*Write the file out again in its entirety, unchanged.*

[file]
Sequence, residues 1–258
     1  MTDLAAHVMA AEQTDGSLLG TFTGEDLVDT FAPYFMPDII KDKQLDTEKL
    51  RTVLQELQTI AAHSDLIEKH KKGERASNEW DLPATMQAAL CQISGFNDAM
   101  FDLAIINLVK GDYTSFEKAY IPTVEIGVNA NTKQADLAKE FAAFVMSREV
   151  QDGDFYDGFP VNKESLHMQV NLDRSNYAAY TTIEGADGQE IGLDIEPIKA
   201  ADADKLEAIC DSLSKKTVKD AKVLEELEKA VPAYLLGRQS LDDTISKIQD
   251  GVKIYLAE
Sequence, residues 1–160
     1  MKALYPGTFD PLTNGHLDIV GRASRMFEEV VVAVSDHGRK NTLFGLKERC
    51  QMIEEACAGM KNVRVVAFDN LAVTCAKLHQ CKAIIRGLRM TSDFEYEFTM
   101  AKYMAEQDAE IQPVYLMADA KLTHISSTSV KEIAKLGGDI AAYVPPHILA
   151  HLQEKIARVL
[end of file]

Sequence, residues 1–258
     1  MTDLAAHVMA AEQTDGSLLG TFTGEDLVDT FAPYFMPDII KDKQLDTEKL
    51  RTVLQELQTI AAHSDLIEKH KKGERASNEW DLPATMQAAL CQISGFNDAM
   101  FDLAIINLVK GDYTSFEKAY IPTVEIGVNA NTKQADLAKE FAAFVMSREV
   151  QDGDFYDGFP VNKESLHMQV NLDRSNYAAY TTIEGADGQE IGLDIEPIKA
   201  ADADKLEAIC DSLSKKTVKD AKVLEELEKA VPAYLLGRQS LDDTISKIQD
   251  GVKIYLAE
Sequence, residues 1–160
     1  MKALYPGTFD PLTNGHLDIV GRASRMFEEV VVAVSDHGRK NTLFGLKERC
    51  QMIEEACAGM KNVRVVAFDN LAVTCAKLHQ CKAIIRGLRM TSDFEYEFTM
   101  AKYMAEQDAE IQPVYLMADA KLTHISSTSV KEIAKLGGDI AAYVPPHILA
   151  HLQEKIARVL